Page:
Now here is the thing, coming from an US perspective, I believe the average American is accustomed to vacationing before traveling. Our society here is based on a social structure that is defined by work. Our normal is to prioritize work, because when we work, we make money, we obtain luxuries such as a nice house, car and thus we are successfully living our American dream. We vacation to take a break and get away from those stresses. I’m only touching on this, but this is definitely topic that deserves a long conversation, but to tie it back into the actual topic at hand, how can you become a traveler when your circle is prone to vacationing? Travel solo.
If you’re someone who is afraid to travel alone, it’s okay. A lot of people are. In fact I really think most people are. I’ve been afraid to travel alone. As someone who is an advocate for solo traveling (especially for WOC), I want you to know that once you get the taste of accomplishment and truly understand your power and presence, you will become addicted to that sense of being. I don’t know anyone who overcame their fear of solo travel and regretted it. When I spoke about the overcoming of feeling uncomfortable in a foreign place, experiencing this solo escalates the sense of accomplishment and confidence to new extremes. It is truly an indescribable feeling and I wholehewriterly wish that level of growth on any and everyone. And please know, it is reasonable and absolutely acceptable to, “start small.” Your growth comes from within, and only you know your levels of comfort.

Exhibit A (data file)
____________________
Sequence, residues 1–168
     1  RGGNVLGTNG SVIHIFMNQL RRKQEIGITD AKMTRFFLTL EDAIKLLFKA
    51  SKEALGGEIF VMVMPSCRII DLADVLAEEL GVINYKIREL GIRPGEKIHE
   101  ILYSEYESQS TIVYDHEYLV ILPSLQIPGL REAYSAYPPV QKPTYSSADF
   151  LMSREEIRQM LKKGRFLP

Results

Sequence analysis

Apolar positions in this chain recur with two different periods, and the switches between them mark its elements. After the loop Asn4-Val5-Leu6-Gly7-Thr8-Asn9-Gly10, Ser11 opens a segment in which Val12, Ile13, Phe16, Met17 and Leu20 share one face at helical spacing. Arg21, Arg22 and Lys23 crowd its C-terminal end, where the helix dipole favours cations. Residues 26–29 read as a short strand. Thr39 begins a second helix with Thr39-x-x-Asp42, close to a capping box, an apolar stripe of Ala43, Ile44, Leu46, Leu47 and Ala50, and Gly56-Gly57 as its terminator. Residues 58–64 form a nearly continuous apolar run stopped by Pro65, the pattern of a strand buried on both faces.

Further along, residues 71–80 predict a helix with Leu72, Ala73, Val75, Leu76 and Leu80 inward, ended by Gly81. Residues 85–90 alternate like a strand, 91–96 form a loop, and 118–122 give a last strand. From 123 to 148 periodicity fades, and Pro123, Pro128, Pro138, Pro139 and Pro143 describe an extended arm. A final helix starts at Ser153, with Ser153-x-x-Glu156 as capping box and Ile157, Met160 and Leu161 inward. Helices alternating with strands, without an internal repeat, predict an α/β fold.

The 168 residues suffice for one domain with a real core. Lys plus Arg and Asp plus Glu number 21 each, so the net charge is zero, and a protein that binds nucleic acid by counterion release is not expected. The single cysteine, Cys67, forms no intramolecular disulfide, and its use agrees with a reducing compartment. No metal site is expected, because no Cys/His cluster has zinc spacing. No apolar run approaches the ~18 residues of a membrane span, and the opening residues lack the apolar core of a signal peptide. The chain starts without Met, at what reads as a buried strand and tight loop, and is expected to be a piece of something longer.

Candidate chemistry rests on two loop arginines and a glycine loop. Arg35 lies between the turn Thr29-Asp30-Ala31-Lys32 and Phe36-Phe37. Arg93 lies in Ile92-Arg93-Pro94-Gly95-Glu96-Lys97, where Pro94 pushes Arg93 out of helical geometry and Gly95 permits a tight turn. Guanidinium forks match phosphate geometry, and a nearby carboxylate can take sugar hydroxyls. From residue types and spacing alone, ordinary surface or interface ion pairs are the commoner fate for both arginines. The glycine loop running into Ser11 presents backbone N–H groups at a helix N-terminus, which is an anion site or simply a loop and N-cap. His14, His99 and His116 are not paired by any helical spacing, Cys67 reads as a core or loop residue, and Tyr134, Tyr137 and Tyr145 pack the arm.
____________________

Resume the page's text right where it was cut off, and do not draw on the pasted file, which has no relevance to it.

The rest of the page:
A few years ago, when I lived in Atlanta, I took a solo trip to Chicago from Sunday to Tuesday. It is still one of my most memorable trips to date. The sad part was, I received so much backlash and negativity from people around me when I was planning my trip. “Chicago is too dangerous for you. You’re a woman, why would you ever go there by yourself? You’re stupid for putting yourself in a dangerous place, you can get shot.” *Insert tremendous eye roll* I did not get shot. I very much survived. Did you know that Chicago is an architectural hub? I didn’t. I took a boat tour and learned so much about why Chicago’s skyline is so aesthetically pleasing, and how artists from across the globe contributed to its beauty.
Just to wrap things up, I enjoy a nice vacation, but to date nothing has ever given me more fulfillment than taken opportunities of travel. It will transform you and become a lifestyle change drenched in positivity. I’m not an irresponsible person, I live life reasonable and I enjoy structure. Oh, but I am a ridiculous impulsive traveler. And I wouldn’t change that for the world. If your moment hasn’t come yet to immerse yourself in the world of travel, I challenge you to take action and initiate movement to create the opportunity to do so. You got this.